• figtThe pang of sorrow I felt when Rachel announced that Chris O’Shaughnessy could not make it to the conference. I had so looked forward to giving him a warm hug, after his key opening speech at the conference last year had inspired ‘What Expats Can Do’, the project we launched and presented this year, and that has been such a great source of growth and connections;
  • The wave of love and empathy I felt one day when, at the end of the afternoon, I was going to relax at the bookshop with my colleague, and a lady came towards us, asking where we were going. She was worried that not enough participants would be present at one of the sessions, and we both silently entered the room where it was about to start – an underlying sense of empathy linking us;
  • The walks and restaurants with so many old and new friends, in that wonderful atmosphere of coming from so many different corners of the world; the sensation of being a truly international (in the most beautiful sense of term) community, gathered around principles and values that are of importance for the whole world;
  • Seeing Cristina in person again, after a year, and after so much work accomplished at such a distance, always in different time zones;
  • And of course, buying raffle tickets to support the David C Pollock Scholarship Programme and winning six books!

During my presentation of ‘What Expats Can Do’ at the conference, I talked about linguistic empathy, a concept that I was only able to define precisely thanks to the FIGT experience. As I explained, both Cristina and I are not native English speakers, and we felt a powerless sense of frustration when we wanted to launch our new project, which was so important to us, and were not sure of being able to actually convey its meaning. We found ourselves struggling with words and concepts, while realising that, ironically, it would only be native English speakers who would have difficulties in grasping what we meant. All other language speakers, who are used to struggle to be understood when they express themselves in English, are probably more equipped to grasp the meaning behind words.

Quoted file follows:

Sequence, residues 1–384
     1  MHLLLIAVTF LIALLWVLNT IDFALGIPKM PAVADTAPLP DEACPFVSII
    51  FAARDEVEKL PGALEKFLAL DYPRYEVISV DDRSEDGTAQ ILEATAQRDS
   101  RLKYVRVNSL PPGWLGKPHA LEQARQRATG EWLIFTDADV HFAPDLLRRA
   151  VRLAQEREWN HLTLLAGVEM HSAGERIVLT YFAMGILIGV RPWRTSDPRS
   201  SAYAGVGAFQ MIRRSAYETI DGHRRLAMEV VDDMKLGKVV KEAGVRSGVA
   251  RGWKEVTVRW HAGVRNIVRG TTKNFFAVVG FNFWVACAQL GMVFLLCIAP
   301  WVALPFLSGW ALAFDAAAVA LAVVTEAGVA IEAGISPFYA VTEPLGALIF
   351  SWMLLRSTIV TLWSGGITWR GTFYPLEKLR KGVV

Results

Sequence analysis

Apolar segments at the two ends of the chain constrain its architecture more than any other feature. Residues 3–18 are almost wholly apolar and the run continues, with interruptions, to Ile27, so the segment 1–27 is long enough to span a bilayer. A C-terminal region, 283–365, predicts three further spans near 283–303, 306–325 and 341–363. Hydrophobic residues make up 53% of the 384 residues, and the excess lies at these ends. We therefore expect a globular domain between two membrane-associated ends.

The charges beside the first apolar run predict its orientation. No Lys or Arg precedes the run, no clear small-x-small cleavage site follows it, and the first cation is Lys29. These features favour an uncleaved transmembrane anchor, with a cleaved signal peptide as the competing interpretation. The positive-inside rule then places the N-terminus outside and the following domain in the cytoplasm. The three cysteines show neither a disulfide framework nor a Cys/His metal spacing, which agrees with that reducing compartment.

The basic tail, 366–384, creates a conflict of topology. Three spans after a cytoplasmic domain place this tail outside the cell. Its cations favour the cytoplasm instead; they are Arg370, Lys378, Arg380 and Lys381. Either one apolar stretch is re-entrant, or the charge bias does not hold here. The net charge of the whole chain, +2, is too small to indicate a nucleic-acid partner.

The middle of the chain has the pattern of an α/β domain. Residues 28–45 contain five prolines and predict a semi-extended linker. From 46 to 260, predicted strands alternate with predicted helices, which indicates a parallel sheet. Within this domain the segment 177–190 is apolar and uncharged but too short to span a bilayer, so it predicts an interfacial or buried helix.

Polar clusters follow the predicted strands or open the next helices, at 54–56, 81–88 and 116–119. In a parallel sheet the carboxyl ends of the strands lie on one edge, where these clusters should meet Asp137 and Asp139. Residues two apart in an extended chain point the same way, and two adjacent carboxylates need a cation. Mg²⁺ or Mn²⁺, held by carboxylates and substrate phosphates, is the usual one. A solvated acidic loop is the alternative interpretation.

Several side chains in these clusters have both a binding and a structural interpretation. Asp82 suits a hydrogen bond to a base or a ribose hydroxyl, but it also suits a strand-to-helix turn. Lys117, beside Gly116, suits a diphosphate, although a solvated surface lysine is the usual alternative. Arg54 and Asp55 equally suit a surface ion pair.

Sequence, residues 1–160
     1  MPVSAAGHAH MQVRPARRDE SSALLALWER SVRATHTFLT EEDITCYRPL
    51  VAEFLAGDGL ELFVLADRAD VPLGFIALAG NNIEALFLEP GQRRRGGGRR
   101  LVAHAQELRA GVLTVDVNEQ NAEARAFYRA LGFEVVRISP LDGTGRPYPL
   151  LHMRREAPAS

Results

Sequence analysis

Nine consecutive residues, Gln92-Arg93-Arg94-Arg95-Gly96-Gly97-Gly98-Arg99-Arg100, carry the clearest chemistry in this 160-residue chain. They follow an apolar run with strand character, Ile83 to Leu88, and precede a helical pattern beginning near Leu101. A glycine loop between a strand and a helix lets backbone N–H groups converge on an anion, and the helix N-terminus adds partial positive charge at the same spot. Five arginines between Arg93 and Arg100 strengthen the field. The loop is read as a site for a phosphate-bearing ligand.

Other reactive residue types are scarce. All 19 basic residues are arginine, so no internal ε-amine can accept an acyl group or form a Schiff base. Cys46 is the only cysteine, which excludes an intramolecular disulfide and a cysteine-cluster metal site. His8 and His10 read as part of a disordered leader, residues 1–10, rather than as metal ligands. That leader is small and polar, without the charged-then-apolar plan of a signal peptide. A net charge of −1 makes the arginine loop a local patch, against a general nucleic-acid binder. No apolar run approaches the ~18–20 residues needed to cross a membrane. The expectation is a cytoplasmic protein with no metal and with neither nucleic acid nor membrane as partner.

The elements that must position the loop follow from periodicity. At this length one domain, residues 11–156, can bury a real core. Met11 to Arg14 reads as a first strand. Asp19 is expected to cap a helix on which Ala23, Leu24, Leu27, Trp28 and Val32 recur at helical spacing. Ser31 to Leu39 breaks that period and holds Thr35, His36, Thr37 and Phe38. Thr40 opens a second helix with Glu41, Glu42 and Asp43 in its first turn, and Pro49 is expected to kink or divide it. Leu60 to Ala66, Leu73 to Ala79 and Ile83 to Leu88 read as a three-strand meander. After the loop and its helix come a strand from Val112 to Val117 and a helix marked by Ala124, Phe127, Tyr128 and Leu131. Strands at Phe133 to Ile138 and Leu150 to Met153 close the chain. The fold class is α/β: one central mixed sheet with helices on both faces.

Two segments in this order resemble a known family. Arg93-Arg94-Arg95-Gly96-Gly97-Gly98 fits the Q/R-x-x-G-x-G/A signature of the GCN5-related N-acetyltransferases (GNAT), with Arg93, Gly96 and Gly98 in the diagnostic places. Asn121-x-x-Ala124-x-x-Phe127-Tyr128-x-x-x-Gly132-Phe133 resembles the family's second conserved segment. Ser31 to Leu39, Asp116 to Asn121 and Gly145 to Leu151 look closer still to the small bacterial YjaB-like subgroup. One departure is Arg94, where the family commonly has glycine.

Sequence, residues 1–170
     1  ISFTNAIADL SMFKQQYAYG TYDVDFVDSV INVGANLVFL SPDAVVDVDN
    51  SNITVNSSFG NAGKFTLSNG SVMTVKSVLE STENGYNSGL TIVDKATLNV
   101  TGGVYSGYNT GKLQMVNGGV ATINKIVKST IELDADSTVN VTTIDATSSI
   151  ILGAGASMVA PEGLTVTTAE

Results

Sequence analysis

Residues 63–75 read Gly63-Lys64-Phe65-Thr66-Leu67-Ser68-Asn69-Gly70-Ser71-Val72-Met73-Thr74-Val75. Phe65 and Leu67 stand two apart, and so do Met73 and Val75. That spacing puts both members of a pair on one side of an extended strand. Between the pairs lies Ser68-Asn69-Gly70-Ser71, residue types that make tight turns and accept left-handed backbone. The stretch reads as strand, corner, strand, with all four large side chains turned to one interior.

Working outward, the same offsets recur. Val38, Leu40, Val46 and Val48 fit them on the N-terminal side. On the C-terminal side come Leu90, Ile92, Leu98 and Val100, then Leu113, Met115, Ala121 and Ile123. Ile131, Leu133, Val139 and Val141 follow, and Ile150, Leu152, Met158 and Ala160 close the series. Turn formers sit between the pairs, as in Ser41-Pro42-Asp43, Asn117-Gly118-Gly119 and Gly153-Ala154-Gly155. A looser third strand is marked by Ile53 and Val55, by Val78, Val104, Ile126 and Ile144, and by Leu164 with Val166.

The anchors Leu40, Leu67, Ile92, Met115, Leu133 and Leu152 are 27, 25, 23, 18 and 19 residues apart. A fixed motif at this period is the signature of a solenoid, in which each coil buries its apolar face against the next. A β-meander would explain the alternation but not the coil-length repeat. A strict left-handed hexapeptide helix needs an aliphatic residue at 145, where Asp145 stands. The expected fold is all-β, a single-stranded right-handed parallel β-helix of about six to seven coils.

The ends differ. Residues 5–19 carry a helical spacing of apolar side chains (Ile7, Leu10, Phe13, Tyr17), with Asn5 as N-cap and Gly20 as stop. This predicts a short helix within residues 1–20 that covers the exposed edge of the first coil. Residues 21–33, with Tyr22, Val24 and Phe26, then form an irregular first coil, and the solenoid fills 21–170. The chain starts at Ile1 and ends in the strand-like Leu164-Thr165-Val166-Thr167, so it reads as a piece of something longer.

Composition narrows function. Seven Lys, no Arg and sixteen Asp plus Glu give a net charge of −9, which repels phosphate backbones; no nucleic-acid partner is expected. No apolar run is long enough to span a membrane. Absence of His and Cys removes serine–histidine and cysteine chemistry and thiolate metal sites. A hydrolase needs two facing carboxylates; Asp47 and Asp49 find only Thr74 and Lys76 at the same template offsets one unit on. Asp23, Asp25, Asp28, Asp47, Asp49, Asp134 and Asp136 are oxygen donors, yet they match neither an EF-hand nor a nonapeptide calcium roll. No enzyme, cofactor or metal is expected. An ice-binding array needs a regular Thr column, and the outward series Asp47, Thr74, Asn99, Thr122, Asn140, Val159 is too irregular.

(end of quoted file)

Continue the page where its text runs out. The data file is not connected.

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Seeing the positive reactions and the interest that this concept stirred in the audience, I found the motivation to mould it into words and actions. With my team at Expatclic, we decided to actively start practising linguistic empathy both in our work on Expatclic and its related projects, and in our lives and community.

My dream is to be able to attend an FIGT conference in the future, where at least a couple of sessions can be in languages other than English. Expats are linguistically so rich; FIGT hosts individuals whose primary language is different from English, but mostly who have lived in so many countries, and I am sure would love to be able to listen and participate in languages they have come in contact with, or functioned in at specific moments of their lives.

This is the real treasure I take away from FIGT this year: the definition of a new concept of empathy in relation to languages, and the certainty that I want to apply it in my peripatetic lifestyle.

 

Claudia Landini (Claudiaexpat)
Jakarta, Indonesia
June 2017